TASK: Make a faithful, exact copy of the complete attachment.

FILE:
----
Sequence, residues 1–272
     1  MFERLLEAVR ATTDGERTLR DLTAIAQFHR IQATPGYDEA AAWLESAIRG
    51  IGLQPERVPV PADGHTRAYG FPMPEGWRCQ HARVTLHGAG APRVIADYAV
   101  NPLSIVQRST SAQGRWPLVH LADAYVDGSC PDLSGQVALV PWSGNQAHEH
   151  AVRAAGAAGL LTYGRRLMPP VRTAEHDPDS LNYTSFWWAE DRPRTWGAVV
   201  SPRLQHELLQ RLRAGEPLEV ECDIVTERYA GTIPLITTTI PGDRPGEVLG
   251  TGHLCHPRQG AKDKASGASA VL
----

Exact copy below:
Sequence, residues 1–272
     1  MFERLLEAVR ATTDGERTLR DLTAIAQFHR IQATPGYDEA AAWLESAIRG
    51  IGLQPERVPV PADGHTRAYG FPMPEGWRCQ HARVTLHGAG APRVIADYAV
   101  NPLSIVQRST SAQGRWPLVH LADAYVDGSC PDLSGQVALV PWSGNQAHEH
   151  AVRAAGAAGL LTYGRRLMPP VRTAEHDPDS LNYTSFWWAE DRPRTWGAVV
   201  SPRLQHELLQ RLRAGEPLEV ECDIVTERYA GTIPLITTTI PGDRPGEVLG
   251  TGHLCHPRQG AKDKASGASA VL